- RASASC (Rape and Sexual Abuse Support Centre) – National Helpline: 01483 546400. (7.30pm-9.30pm Mon-Thur) National helpline for survivors of rape and childhood sexual abuse, their families and friends. Provides emotional and practical support.
- Getting Better & Moving On (Chayn) – The Journey to recovery after abuse and trauma. Chayn produces open and free resources crowdsourced with love from survivors, experts & people who give a damn around the world.
- Victim Support – Our services are confidential, free and available to anyone who’s been raped or sexually assaulted, now or in the past. We can help, regardless of whether you have told the police or anyone else about the attack. Our volunteers can visit you at home (if you want us to, and if doing so will not put you at further risk) or somewhere else if you prefer. If you don’t want to see anyone face-to- face, you can also talk to us on the phone, either at one of our local offices or at the national Victim Supportline.
- Survivors UK – National Helpline: 0845 122 1201 | Ways we can help. We understand the effect which male rape & sexual abuse can have upon those who are forced to experience it, and we’re well aware of the traumatic process which it can set in motion. If you are a man who has suffered sexual abuse or rape in the past, you can turn to us for help. We have a range of support options to help you recover from your experience and put the past behind you.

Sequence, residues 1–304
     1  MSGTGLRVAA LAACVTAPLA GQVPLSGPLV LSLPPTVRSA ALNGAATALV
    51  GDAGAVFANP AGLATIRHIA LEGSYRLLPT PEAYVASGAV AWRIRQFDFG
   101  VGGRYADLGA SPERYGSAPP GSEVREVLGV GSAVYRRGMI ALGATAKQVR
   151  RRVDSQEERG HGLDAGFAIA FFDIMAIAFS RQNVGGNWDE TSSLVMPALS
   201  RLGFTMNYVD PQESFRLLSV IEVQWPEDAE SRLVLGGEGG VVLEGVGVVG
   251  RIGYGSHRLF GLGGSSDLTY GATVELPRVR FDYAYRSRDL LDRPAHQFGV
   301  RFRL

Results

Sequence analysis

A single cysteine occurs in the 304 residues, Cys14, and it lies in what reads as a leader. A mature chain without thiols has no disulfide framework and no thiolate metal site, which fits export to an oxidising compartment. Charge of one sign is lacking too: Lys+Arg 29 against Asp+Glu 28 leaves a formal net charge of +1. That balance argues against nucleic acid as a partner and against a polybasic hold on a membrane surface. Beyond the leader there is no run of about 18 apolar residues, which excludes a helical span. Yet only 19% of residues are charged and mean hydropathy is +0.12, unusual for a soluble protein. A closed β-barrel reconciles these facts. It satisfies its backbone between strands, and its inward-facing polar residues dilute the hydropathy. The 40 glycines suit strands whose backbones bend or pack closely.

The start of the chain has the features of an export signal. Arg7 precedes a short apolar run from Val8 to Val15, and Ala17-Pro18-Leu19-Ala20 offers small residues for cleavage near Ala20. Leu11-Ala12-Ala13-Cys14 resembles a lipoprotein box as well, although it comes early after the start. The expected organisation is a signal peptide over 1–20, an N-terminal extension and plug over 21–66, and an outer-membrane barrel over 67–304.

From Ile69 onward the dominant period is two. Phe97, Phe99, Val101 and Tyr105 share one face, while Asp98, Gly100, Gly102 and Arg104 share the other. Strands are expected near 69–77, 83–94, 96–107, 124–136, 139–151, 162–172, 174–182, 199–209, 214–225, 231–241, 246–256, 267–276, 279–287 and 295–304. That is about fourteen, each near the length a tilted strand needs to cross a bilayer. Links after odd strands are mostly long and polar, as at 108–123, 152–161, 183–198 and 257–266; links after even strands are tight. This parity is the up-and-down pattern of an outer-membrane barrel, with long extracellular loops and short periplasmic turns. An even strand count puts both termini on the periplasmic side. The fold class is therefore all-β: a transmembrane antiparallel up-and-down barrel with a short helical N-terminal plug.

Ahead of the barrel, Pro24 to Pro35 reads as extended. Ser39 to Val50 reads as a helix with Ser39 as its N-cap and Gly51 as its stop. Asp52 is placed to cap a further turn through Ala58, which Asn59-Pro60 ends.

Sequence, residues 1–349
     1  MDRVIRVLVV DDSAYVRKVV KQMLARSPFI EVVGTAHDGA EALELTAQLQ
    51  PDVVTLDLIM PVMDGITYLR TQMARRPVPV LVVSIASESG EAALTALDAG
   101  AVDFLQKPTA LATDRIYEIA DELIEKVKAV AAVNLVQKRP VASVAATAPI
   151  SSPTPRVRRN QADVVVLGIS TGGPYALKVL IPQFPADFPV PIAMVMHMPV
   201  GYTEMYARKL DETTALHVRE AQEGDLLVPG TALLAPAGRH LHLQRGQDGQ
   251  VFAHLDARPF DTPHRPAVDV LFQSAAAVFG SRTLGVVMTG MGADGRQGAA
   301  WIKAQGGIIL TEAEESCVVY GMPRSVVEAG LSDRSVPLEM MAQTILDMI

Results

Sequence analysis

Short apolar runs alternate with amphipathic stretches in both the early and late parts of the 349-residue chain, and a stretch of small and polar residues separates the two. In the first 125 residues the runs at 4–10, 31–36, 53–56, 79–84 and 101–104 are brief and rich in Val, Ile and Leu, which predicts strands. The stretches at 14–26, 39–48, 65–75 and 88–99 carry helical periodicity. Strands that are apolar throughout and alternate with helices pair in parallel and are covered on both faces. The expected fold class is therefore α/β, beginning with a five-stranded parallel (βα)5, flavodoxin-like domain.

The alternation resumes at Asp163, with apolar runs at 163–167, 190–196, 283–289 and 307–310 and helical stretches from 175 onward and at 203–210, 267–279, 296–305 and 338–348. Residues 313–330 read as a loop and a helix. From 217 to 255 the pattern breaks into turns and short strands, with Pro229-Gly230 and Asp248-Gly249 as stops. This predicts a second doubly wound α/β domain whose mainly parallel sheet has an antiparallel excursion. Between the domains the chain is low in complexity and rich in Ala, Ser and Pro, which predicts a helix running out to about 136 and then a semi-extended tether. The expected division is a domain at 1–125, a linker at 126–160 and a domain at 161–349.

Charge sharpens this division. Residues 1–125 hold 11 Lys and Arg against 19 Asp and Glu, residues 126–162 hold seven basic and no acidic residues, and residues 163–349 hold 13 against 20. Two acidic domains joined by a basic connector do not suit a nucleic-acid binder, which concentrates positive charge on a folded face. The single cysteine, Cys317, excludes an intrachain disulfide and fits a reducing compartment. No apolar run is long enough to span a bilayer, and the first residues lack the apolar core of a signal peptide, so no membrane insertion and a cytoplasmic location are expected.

- How to Support a Survivor – The only national organisation offering support to adult survivors of all types of childhood abuse, including physical, sexual, emotional abuse, narcissism, and neglect. NAPAC offer a free and confidential telephone support line and an email support service, along with the NAPAC website full of resources and information for survivors, those who care for them, and professionals.